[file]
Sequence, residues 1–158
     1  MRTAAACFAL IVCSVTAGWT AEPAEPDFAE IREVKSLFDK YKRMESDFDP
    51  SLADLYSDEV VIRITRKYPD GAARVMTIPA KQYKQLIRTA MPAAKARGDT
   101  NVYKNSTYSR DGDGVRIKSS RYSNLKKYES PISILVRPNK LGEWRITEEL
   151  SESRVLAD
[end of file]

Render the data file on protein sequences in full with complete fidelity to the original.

Sequence, residues 1–158
     1  MRTAAACFAL IVCSVTAGWT AEPAEPDFAE IREVKSLFDK YKRMESDFDP
    51  SLADLYSDEV VIRITRKYPD GAARVMTIPA KQYKQLIRTA MPAAKARGDT
   101  NVYKNSTYSR DGDGVRIKSS RYSNLKKYES PISILVRPNK LGEWRITEEL
   151  SESRVLAD